In November 1912, for various reasons, Duchamp was fed up with painting.
Now, in order to concentrate his energy on the large-scale work that he had conceived in Munich, he decided to withdraw from all other artistic activities and to look for a job that would supplement the modest allowance he still received from his father. What sort of job? One that would not take up too much of his time, obviously. Picabia found the solution. His uncle, a bon vivant and man-about-town named Maurice Davanne, happened to be director of the Bibliothèque Sainte-Geneviève, one of the city’s most distinguished research institutions. With Davanne’s assurance of a future position, Duchamp enrolled that November in a librarian’s course at L’Ecole Nationale des Chartes. A library job appealed to him because it meant “taking an intellectual position as opposed to the manual servitude of the artist,” but he was not giving up on art. As he would later explain, “There are two kinds of artists: the artist who deals with society; and the other artist, the completely freelance artist, who has nothing to do with it—no bonds.”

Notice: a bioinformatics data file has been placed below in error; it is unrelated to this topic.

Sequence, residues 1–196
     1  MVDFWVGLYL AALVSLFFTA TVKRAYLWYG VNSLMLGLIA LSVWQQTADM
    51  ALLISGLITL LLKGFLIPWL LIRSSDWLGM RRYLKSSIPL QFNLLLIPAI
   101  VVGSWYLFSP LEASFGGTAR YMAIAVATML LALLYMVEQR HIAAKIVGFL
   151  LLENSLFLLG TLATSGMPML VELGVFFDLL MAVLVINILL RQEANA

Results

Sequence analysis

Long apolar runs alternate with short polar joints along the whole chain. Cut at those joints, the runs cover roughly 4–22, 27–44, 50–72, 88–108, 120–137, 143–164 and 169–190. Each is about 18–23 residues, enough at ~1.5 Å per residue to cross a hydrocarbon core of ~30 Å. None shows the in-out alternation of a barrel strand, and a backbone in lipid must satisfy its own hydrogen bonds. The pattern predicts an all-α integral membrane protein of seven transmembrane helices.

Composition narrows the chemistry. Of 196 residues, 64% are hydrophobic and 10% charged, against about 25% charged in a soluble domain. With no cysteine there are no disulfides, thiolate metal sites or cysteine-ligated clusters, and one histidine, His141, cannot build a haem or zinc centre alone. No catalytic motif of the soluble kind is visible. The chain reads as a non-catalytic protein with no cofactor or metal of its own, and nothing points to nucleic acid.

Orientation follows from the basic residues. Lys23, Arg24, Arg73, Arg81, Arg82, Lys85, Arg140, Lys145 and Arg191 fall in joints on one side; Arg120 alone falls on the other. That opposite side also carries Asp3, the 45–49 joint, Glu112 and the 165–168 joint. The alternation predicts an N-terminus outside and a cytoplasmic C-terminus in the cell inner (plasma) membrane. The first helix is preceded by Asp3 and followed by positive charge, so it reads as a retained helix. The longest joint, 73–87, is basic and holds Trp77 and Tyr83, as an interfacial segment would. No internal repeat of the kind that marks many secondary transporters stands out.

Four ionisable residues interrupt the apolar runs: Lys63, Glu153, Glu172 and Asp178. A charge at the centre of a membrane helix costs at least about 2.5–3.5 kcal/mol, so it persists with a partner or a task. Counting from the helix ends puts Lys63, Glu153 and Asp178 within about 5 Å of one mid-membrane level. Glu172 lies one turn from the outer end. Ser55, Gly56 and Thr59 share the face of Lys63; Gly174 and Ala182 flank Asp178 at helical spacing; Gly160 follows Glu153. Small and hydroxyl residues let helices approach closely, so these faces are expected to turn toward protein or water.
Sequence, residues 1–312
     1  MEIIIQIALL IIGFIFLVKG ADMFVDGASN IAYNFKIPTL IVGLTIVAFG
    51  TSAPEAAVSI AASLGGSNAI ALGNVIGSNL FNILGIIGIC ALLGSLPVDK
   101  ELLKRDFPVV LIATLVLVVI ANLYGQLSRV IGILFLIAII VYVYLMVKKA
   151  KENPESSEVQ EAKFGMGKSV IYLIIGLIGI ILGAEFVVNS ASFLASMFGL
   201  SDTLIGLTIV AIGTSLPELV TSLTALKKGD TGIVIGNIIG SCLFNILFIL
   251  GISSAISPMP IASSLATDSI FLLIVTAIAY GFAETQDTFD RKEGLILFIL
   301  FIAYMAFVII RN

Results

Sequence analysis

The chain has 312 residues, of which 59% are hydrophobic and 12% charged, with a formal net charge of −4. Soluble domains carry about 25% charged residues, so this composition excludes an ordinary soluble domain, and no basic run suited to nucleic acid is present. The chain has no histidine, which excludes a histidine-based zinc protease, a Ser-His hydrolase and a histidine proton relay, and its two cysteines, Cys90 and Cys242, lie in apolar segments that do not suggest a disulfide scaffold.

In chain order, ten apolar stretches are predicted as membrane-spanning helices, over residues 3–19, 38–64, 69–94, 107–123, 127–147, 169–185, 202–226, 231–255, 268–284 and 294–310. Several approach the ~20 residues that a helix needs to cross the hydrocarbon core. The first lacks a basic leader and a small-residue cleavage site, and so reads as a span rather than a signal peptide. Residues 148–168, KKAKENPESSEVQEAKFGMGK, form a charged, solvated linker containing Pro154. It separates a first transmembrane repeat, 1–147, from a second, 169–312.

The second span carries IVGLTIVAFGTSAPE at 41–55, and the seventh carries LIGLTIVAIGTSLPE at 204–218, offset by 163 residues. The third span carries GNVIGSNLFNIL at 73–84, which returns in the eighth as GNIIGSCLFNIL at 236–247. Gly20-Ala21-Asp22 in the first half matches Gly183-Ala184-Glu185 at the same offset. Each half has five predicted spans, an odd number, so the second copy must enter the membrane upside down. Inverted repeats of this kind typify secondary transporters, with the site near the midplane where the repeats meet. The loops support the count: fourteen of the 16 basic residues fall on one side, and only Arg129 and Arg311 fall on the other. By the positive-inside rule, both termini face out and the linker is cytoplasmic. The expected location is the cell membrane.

I repeat: librarianship meant taking an intellectual position as opposed to the manual servitude of the artist.
A few pages later (from p. 110 to p. 119):
Having completed his course in library science at l’Ecole des Chartes, Duchamp started work as an intern at the Bibliothèque Sainte-Geneviève in April or May. “It was a wonderful job, because I had so many hours to myself,” he said. “My hours were ten to twelve and one-thirty to three, and I got five francs a day. My father helped me, and I wasn’t married, so it was plenty.” Duchamp took advantage of the library’s research facilities during this period to carry out the only serious, sustained reading that he would ever do in his life.
This was at an important point in Duchamp’s artistic development. The implication is clear to me.
(Images are of two small parts of the magnificent De ou par Marcel Duchamp ou Rrose Selavy: Boîte-en-Valise, a replica of a box Duchamp made containing examples of all his art.)